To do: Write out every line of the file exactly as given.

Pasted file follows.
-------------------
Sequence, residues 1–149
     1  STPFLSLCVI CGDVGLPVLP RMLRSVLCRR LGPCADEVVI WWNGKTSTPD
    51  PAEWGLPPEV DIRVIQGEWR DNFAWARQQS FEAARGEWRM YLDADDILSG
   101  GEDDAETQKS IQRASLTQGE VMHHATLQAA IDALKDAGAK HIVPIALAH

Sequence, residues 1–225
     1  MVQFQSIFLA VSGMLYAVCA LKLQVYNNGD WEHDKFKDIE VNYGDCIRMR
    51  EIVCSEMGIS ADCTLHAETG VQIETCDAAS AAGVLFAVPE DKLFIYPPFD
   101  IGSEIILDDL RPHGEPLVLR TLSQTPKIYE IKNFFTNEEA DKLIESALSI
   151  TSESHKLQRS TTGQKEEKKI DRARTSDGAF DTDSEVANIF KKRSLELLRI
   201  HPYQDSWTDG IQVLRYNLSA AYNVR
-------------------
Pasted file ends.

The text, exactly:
Sequence, residues 1–149
     1  STPFLSLCVI CGDVGLPVLP RMLRSVLCRR LGPCADEVVI WWNGKTSTPD
    51  PAEWGLPPEV DIRVIQGEWR DNFAWARQQS FEAARGEWRM YLDADDILSG
   101  GEDDAETQKS IQRASLTQGE VMHHATLQAA IDALKDAGAK HIVPIALAH

Sequence, residues 1–225
     1  MVQFQSIFLA VSGMLYAVCA LKLQVYNNGD WEHDKFKDIE VNYGDCIRMR
    51  EIVCSEMGIS ADCTLHAETG VQIETCDAAS AAGVLFAVPE DKLFIYPPFD
   101  IGSEIILDDL RPHGEPLVLR TLSQTPKIYE IKNFFTNEEA DKLIESALSI
   151  TSESHKLQRS TTGQKEEKKI DRARTSDGAF DTDSEVANIF KKRSLELLRI
   201  HPYQDSWTDG IQVLRYNLSA AYNVR